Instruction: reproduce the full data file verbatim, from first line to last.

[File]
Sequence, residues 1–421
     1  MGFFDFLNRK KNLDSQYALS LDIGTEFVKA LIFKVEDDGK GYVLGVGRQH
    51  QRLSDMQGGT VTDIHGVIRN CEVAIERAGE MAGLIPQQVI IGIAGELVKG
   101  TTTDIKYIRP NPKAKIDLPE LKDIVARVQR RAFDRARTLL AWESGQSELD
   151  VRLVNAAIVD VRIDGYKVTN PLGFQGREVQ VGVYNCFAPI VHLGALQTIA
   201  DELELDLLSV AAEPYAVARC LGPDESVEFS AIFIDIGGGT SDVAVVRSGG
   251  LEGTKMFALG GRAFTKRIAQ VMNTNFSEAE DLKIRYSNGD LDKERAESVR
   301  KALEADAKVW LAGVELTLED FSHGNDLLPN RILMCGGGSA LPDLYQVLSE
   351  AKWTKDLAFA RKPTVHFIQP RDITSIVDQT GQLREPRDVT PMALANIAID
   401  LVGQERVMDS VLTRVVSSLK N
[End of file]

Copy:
Sequence, residues 1–421
     1  MGFFDFLNRK KNLDSQYALS LDIGTEFVKA LIFKVEDDGK GYVLGVGRQH
    51  QRLSDMQGGT VTDIHGVIRN CEVAIERAGE MAGLIPQQVI IGIAGELVKG
   101  TTTDIKYIRP NPKAKIDLPE LKDIVARVQR RAFDRARTLL AWESGQSELD
   151  VRLVNAAIVD VRIDGYKVTN PLGFQGREVQ VGVYNCFAPI VHLGALQTIA
   201  DELELDLLSV AAEPYAVARC LGPDESVEFS AIFIDIGGGT SDVAVVRSGG
   251  LEGTKMFALG GRAFTKRIAQ VMNTNFSEAE DLKIRYSNGD LDKERAESVR
   301  KALEADAKVW LAGVELTLED FSHGNDLLPN RILMCGGGSA LPDLYQVLSE
   351  AKWTKDLAFA RKPTVHFIQP RDITSIVDQT GQLREPRDVT PMALANIAID
   401  LVGQERVMDS VLTRVVSSLK N